I don’t think any medical professional would enjoy receiving a lecture from someone who is clearly scientifically illiterate.

Ryland Barton’s charged, leftwing diatribe scolding me for making “claims [not] backed up by science” is itself ignorant of and misrepresentative of abundant scientific evidence.

Take first his assertion that infection with coronavirus does not induce immunity. Actually, all of the science so far indicates that those who recover from the virus have immunity.

Scientists have infected Rhesus monkeys with coronavirus and then shown that they can’t be re-infected. Plasma from patients recovered from COVID -gvf7819 has been shown to neutralize and prevent the virus from infecting cells in the laboratory. Plasma from recovered patients has also been shown to speed the recovery of severely ill COVID -19 patients.

Additionally, the good news this week was that early trials of the Moderna vaccine show that it induces antibodies at the same level as recovered patients. Thus, vaccines are compared with natural immunity to see if the vaccine works.

Moreover, extensive testing with MERS and SARS, also coronaviruses, show that the natural immunity that develops after infection lasts at least two to three years and has been detected in some patients at 11 years after infection.

Instead of there being no evidence of immunity there actually is no scientific evidence that you don’t get immunity after an infection with coronavirus.

The author labels as false my assertion that the virus has been relatively benign outside New York, NJ and surrounding states.

The truth is that New York and surrounding states make up about half of the deaths for the United States. As Gerard Baker writes in the WSJ, if you calculate the death rate for the remaining states you find the virus to be “about as lethal as the average annual influenza.”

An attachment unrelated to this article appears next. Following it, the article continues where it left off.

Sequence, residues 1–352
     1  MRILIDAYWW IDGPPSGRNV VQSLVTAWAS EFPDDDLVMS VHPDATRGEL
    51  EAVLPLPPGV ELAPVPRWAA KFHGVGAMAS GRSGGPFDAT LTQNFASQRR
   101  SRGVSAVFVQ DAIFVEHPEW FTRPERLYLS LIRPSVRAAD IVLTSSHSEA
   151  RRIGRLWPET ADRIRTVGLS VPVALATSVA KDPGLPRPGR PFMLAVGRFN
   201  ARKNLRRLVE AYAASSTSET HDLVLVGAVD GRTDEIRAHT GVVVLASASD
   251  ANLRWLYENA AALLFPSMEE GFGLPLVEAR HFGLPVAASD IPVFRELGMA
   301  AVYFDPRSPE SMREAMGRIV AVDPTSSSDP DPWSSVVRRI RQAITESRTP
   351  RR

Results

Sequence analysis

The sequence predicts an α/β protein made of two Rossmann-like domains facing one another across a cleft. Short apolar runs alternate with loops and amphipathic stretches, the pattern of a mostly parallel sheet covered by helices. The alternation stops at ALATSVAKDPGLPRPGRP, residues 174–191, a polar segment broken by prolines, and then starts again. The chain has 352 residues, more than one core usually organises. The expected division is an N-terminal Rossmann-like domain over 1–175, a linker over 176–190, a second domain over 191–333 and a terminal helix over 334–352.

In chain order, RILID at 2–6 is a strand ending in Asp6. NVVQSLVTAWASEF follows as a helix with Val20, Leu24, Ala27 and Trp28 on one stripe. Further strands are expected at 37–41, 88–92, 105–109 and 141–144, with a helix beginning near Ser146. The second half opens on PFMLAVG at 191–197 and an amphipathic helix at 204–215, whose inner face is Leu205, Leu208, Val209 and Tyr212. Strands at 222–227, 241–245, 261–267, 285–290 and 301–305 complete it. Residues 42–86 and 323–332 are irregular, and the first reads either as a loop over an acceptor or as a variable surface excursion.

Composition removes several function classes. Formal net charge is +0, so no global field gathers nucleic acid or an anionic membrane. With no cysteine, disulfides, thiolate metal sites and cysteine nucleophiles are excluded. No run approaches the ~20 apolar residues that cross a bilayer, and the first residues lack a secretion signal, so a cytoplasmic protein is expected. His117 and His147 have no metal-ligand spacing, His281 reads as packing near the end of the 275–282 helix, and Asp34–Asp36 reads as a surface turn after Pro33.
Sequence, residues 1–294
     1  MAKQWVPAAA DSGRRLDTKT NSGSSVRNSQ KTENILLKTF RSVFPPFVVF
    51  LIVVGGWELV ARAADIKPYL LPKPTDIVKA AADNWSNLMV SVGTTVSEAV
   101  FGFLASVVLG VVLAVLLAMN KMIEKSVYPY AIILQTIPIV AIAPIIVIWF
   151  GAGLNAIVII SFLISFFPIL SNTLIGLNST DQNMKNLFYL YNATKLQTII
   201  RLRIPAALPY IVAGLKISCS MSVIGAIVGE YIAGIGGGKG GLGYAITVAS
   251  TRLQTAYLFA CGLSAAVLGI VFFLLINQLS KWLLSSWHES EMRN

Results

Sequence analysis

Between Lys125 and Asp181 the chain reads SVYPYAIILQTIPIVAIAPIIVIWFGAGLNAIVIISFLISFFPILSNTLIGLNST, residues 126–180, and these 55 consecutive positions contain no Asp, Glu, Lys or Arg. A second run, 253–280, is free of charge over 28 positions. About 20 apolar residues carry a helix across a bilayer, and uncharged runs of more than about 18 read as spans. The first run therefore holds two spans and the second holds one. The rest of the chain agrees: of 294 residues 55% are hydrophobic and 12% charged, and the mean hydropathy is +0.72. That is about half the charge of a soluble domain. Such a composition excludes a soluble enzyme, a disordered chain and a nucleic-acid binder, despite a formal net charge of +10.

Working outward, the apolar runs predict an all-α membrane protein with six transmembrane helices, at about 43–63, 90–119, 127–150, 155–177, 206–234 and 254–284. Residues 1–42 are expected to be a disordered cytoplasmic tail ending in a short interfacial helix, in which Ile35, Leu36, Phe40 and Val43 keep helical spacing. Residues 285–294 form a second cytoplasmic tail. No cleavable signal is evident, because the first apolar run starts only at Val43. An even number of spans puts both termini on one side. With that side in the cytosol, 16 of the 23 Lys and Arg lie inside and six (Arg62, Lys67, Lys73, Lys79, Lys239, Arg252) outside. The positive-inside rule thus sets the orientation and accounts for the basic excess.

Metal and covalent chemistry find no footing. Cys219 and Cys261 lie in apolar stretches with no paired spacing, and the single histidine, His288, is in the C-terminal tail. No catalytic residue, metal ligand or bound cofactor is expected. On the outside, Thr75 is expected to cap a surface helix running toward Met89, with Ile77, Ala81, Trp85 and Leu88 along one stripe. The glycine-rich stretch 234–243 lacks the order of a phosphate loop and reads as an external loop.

Contrary to Barton’s allegations, there really have been fewer deaths from coronavirus in KY than we often see from influenza deaths. It’s true, look it up. The NKY Tribune reported that”for the 2017-18 flu season, Kentucky reported a total of 333 flu-related deaths.” When I reported this fact in a recent committee hearing, there were slightly over 300 deaths in KY from coronavirus.

Finally, the author repeats Fauci’s argument that the appearance of children with Kawasaki’s disease argues for keeping all the school’s closed. Dr. Fauci should know better. Such an extreme public policy proposal as shutting all schools down should be based on scientific evidence.

The scientific evidence is overwhelming that the mortality rate among children 0-18 years of age is very, very small approaching zero. Initial data from Wuhan had zero children dying. New York had zero deaths among children until recently and the mortality rate now is less than 5 per 100,000. 

In the Netherlands, the death rate for children is about 3 per 100,000.

My point to Dr. Fauci was that, at the very least before shutting all schools shouldn’t we evaluate the death rate? Additionally, Denmark opened their schools a month ago without any spike in infections and without measurable transmission from children to adults. Facts should matter, shouldn’t they?

To the wannabe science critics at NPR, let’s talk when you’ve had a chance to enroll in immunology 101, or more likely, enroll in any science class at all.